Association Culturelle des sanctuaires de Saint-Irénée et Saint-Just
St Irénée
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St Irenaeus-St Just
The Patron Saint
Justus (St. Just) was the 13th bishop of Lyon, he is known to have attended the Councils of Valence in 374 and Aquileia in 381. Somewhat later, according to his Vita (5th cent.), he divested himself of the insignia of his office and went into exile in Egypt because he felt responsible for the lynching near his cathedral of a madman who had committed murder. He died in Egypt a few years later, so did soon afterwards his acolyte Viator who had gone with him. 

The people of Lyon fetched their bodies and buried them in a mausoleum in the large cemetery which lay on the site of the present-day Archaeological garden, 11, rue des Macchabées. 
History of St. Just’s churches:
The present church, rue des Farges, was built in the 16th and 17th centuries ; its stately facade by Delamonce dates from the beginning of the 18th century. Its decoration was completed in the first half of the 19th cent. by the architects Gay (triumphal arch in the chancel) and Benoît (St. Justus’altar and inner side of the facade). It has been a National Heritage Monument since 1980.  

In the nearby Archaeological garden the ruins of the three previous churches can be seen : the earliest was dedicated to the Machabees, Jewish martyrs of the 2nd century B.C. ; the other two to St. Justus. The latest was pulled down in 1562 during the Wars of Religion.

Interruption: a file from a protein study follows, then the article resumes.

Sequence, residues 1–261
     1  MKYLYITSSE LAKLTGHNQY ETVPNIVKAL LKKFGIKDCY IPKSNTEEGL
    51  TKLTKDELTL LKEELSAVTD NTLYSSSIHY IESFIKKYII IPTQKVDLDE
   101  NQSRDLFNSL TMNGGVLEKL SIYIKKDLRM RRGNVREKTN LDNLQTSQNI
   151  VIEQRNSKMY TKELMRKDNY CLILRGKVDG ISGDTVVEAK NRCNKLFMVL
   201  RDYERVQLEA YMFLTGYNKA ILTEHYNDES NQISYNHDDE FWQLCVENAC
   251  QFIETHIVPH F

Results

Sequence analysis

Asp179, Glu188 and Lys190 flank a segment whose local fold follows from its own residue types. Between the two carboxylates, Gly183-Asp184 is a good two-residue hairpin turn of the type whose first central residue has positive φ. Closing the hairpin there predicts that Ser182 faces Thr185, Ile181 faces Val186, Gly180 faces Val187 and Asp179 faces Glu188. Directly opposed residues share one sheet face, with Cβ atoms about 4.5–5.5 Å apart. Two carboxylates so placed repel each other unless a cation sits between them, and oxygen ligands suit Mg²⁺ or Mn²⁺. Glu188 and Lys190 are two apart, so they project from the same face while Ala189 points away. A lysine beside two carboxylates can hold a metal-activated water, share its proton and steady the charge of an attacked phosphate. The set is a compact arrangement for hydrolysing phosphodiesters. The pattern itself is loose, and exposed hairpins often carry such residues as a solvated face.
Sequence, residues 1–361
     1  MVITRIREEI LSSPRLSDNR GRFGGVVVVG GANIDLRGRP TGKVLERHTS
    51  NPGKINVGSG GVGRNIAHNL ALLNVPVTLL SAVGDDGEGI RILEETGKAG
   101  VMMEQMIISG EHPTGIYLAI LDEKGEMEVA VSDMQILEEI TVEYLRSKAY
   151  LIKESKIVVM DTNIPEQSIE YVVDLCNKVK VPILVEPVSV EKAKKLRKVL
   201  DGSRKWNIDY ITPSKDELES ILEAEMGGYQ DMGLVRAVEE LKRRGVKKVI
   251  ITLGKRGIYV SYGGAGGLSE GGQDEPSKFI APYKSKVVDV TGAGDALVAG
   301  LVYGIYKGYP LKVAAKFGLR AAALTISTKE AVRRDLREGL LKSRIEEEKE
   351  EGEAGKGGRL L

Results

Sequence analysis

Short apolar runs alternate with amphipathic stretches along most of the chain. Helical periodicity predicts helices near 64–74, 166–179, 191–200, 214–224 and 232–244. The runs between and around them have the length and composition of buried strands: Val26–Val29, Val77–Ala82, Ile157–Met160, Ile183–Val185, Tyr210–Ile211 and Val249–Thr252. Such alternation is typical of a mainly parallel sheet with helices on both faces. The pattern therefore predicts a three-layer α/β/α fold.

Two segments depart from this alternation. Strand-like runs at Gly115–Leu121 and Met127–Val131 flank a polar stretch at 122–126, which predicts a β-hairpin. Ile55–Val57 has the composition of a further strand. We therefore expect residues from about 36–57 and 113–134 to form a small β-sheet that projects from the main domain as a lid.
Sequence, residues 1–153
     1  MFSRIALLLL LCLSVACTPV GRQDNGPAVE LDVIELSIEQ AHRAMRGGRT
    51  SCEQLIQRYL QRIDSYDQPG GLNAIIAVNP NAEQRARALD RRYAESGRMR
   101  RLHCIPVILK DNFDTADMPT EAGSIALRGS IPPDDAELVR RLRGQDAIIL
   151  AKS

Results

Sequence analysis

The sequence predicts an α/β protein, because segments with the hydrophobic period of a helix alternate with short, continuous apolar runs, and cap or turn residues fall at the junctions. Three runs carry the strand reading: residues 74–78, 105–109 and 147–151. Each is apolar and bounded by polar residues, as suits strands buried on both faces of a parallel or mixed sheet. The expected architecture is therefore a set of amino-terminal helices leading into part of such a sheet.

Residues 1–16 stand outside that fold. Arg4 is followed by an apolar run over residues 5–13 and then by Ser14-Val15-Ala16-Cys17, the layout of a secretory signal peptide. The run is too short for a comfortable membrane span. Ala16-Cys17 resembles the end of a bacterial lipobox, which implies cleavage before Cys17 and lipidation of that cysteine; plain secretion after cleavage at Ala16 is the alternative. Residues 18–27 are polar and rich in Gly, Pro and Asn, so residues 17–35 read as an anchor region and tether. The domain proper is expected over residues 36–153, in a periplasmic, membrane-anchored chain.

The present church is part of the parish Saint-Irénée-Saint-Just ; the «Fraternité Saint-Pierre» is in charge of it. 
Artistic interest of St. Just’s church: 
To its harmonious Classical architecture was added in the early 19th century a decoration in the Antique or Paleo-Christian style. The stalls and pulpit are 18th century. 

A fine collection of pictures is on display in the church, either by painters of nationwide fame (Collin de Vermont (‘Annunciation’) ; Taraval (‘Nativity’) ; Bon Boullogne (‘Adoration of the Magi’), Krause (‘Erection of the Cross’) or local artists (J.L. Lacuria ‘St. Justus divesting himself of his bishop’s insignia) ; M. Genod (Christ and the woman of Samaria). 

Its windows show the evolution of the stained-glass art in Lyon over a century, from Lesourd (1826-1827) to Nicod (1925-1926).  
Educational interest
The church, rich in works of art, lends itself to an evocation of bishop Justus and early Christianity in Lyon. It also illustrates the history and main themes of the Roman Catholic faith. 

On each side of the main entrance the font and stoup, both of a size, symbolise the equal importance of water for purification and baptism. 

The four churches succeeding each other in the same area over 16 centuries are a testimony to the vitality of the Christian faith confronted with the vicissitudes of History.
Musical interest
The church’s acoustics are remarkable and appreciated by all music-lovers : every year concerts of sacred music and choral singing are organized in it. Choir and orchestra can be easily accommodated in the vast chancel.
The organ in the chancel, built in 1921, was restored in 1972. It comprises two manuals of 56 notes, a pedal of 30 notes and 22 stops.

400 people can be accommodated in the church’s vast nave.
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